Though singer-songwriter Sunny Ozell was raised in Reno, Nevada, the 37-year-old vocalist (and Suzuki-trained violinist) has called New York City home for over a decade, grooming a soulful, urban sensibility (not to mention wardrobe) along the way to prove it.
Ozell’s style takes its cues from a range of influences—from the piano-driven, lounge ballads of Leon Russell, Tom Waits, and Randy Newman, to the dust-caked twang of Hank Williams—a sultry sound that culminates on her latest album, Take It With Me, due out April 1st.
In this combination Icebreaker interview and exclusive video premiere of “Number One,” we caught up with the artist (who also happens to be married to the actor Patrick Stewart) during a break in a hopefully-not-bedbug-infested hotel in San Francisco. Befitting her name, Sunny shared illuminating ideas about the new album, her childhood inspirations, and a very practical trench coat.
Hello! Please introduce yourself.
I am Sunny Ozell, a musician raised in the wilds of Nevada who has lived in NYC for over twelve years which officially allows me to call myself a “New Yorker.”
Where are you right now?
I’m in a rather skeevy but sufficiently clean hotel in the Union Square area of San Francisco. I know it’s sufficiently clean because I tore apart the bed to check for bed bugs because I’m a paranoid freak.
Please name your fellow band members and their roles. Oh, and who has the best dance moves?
Andy Hess: bassist; Ethan Eubanks: drummer; Andrew Sherman: keys; Rich Hinman: guitar. While I haven’t seen everyone genuinely dancing, I will say that Hess has this cute little happy dance he does when something is funny or funky. And it’s cute because he’s tall as f***.
How did you first meet, and where exactly did you become a band?
We’ve all known each other in all sorts of projects, but in actuality we’re all “solo artists” that have come together deliberately to make music together.
Tell us about your new project: Who did you work with? Where was it recorded? What’s it about? Is there candy?
There is no candy, because we’re all old and old people don’t get candy. That said, we’ve replaced candy with Jameson. So there. We recorded the album at the marvelous Grand Street Studio in Brooklyn, NY. The core group of players (Ethan Eubanks, Andy Hess, Andrew Sherman, and Aaron Lee Tasjan) all played a good deal of live shows together, and we wanted to capture that experience as authentically as possible on the recording.
How do you describe your music to new friends?
Americana Soul. Groove-based music with a touch of twang.
Other than being the “Biggest Little City,” what should Reno be known for?
The classic car show “Hot August Nights” is incredible, as is Golden Flower, a bangin’ Vietnamese restaurant. Reno also has remarkable lightning storms from time to time.
Please look around you right now and describe the first item or person you see that’s significant to you, and that your relationship with it/them.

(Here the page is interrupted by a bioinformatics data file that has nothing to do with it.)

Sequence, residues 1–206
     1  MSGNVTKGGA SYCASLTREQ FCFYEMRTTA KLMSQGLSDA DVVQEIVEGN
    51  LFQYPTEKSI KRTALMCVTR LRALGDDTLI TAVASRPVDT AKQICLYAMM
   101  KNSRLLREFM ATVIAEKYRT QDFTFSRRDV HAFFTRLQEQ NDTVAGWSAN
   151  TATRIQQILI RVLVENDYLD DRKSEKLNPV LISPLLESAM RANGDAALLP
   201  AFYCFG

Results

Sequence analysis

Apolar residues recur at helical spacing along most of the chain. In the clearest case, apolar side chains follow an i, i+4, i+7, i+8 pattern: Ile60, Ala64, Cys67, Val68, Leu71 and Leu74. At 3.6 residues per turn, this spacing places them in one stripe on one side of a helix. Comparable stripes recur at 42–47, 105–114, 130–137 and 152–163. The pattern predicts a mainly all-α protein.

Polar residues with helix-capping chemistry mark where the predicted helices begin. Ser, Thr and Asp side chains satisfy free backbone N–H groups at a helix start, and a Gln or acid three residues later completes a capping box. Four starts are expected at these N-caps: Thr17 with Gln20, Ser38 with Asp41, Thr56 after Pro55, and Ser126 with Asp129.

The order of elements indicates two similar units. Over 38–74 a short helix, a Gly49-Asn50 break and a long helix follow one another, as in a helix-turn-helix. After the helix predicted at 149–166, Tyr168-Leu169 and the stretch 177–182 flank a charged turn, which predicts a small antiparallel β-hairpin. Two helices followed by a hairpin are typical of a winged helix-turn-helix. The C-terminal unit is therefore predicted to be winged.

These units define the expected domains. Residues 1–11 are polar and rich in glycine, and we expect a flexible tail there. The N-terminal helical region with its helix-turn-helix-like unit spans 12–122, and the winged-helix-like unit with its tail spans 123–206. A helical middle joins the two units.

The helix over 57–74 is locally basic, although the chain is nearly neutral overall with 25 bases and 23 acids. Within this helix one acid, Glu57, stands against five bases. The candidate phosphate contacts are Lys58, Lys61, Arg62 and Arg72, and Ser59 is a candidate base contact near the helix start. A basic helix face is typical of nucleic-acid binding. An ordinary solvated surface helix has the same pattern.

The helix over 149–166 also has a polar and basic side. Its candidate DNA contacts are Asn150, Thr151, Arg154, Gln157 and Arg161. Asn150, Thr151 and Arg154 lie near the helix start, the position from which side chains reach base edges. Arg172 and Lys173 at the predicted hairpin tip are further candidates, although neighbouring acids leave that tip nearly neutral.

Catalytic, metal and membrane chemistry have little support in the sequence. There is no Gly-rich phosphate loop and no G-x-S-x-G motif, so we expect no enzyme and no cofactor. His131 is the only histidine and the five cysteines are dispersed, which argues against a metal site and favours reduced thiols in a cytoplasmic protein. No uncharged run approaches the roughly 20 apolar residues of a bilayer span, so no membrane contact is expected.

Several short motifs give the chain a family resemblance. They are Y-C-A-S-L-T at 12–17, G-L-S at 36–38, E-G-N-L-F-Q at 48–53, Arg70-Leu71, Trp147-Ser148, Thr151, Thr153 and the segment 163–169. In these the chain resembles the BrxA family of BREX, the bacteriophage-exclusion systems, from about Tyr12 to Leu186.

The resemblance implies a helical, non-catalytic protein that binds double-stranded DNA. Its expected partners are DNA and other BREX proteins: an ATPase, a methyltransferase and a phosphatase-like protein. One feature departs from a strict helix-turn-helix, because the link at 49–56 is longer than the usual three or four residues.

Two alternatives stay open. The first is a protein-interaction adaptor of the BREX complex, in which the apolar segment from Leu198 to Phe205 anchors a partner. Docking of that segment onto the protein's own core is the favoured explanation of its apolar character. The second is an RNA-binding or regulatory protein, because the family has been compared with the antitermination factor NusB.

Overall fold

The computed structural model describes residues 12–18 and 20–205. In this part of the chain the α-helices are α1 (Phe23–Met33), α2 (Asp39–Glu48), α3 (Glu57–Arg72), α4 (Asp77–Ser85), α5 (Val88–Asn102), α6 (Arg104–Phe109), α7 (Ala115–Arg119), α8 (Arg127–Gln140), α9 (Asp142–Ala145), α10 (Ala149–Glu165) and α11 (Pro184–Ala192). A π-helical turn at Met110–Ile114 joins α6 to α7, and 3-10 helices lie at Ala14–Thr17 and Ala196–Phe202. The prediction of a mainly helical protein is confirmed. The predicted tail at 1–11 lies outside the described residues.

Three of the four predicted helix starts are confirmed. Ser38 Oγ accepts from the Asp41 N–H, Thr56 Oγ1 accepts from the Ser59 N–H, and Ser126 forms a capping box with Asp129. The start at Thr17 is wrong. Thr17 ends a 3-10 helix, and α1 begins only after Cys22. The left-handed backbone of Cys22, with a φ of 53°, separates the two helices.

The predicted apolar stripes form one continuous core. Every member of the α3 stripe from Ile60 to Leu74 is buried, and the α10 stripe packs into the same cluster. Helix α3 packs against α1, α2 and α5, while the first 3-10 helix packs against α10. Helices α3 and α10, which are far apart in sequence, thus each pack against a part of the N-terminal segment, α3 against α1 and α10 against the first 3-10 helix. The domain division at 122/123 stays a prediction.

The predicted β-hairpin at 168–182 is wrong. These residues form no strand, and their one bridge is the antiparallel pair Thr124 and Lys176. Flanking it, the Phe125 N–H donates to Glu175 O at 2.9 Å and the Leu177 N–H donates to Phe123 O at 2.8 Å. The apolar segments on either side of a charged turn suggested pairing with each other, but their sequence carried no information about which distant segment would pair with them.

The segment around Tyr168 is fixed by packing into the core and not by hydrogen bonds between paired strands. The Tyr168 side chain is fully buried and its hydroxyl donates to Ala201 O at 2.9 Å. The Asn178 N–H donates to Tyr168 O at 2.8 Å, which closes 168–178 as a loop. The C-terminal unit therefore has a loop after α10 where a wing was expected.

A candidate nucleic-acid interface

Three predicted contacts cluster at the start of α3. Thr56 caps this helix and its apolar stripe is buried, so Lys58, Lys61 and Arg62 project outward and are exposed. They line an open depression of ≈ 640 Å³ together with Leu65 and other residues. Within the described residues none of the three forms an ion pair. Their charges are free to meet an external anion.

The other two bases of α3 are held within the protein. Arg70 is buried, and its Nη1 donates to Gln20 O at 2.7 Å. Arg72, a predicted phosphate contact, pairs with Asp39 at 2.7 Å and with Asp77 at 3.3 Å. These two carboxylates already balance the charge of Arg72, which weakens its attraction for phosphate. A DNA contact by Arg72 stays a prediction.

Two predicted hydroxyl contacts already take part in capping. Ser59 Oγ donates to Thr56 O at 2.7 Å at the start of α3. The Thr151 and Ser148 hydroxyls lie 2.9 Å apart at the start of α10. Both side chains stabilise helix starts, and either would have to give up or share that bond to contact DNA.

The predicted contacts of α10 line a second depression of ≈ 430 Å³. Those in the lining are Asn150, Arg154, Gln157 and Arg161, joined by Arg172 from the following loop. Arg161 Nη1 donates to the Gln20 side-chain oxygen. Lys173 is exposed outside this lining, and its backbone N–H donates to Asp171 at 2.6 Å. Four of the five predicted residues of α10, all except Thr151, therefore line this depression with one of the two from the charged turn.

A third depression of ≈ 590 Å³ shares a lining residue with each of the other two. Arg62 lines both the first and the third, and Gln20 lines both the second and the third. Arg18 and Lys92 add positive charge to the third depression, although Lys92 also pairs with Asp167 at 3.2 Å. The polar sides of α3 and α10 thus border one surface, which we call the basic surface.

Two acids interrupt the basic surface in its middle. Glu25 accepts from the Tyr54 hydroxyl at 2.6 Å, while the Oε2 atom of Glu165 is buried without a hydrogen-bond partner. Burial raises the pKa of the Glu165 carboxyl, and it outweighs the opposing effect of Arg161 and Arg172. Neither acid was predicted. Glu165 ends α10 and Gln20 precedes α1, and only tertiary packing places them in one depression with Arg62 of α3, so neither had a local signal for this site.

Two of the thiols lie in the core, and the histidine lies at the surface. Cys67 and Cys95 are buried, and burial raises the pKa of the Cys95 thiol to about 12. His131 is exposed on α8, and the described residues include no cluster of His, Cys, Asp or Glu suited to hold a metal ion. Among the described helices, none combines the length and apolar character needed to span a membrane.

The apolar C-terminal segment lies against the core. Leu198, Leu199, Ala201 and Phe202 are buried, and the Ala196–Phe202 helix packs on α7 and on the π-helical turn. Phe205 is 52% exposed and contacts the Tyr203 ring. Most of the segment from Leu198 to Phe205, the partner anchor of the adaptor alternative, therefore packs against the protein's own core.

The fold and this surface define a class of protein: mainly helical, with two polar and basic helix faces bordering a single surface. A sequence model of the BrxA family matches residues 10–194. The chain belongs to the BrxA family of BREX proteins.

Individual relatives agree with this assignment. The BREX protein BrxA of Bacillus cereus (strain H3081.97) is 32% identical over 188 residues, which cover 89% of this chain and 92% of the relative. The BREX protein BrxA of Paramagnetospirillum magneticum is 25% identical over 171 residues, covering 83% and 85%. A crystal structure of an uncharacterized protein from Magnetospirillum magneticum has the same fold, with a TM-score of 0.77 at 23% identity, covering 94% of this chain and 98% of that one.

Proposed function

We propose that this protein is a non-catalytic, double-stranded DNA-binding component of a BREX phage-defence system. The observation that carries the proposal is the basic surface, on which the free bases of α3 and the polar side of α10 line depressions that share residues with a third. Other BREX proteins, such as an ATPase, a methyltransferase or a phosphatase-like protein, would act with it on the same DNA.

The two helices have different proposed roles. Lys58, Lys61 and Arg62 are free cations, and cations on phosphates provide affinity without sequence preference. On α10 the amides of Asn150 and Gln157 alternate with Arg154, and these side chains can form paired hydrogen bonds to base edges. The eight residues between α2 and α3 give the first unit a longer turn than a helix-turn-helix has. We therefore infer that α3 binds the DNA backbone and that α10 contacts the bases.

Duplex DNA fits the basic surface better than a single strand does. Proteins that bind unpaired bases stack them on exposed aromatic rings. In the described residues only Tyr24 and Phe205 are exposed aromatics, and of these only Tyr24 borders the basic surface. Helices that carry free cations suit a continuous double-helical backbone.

My army green Burberry trench is lying on my bed-bug free hotel bed. I bought it about two years ago, and it’s indestructible and ever so reliably chic. I can layer underneath it, it’s relatively waterproof, and if I need to look pulled together in a pinch on the road, it totally does the job. It also folds up into a half-decent pillow on a plane. It was predictably expensive, but I have a dear, quite dapper friend who says “buy cheap, buy twice” and he’s absolutely right.
What first inspired you to pursue music? If it was a musician or a specific piece of music, please tell us all about why you find it so inspirational.
I got started in music at such a young age (violin, four years old) that I don’t really remember the “time before.” My parents always had music on at home, and I was always, always singing along. But the record that blew my mind, the one that did something NEW to me, was Paul Simon’s Rhythm Of The Saints. I bought that album, and poured over the liner notes,intent on learning all I could about the instruments, the personnel, the lyrics. That was the record that set me on my current path, whatever it is.
What’s the best advice anyone has given you about pursuing a life in music?
Do it for the love and nothing else.
Not including your current crew, who (alive or dead) would you love to have in your van for an all day drive from gig to gig?
To be perfectly honest, I can’t say there’s anything about our current “van experience” I’d like to change. We spend soooo much time laughing and s*** talking, and I can’t imagine it getting any better than it already is.
What song best sums up your life right now?
“Runnin’ On Empty.”
What is the best reaction to your music you have experienced so far?
I love it when people decide they have to dance.
Take a moment to dream. Where do hope to be a year from now?
Touring, just as we are now, but supporting our next record.
What’s your next step towards that dream?
We’ll be writing the new record this summer!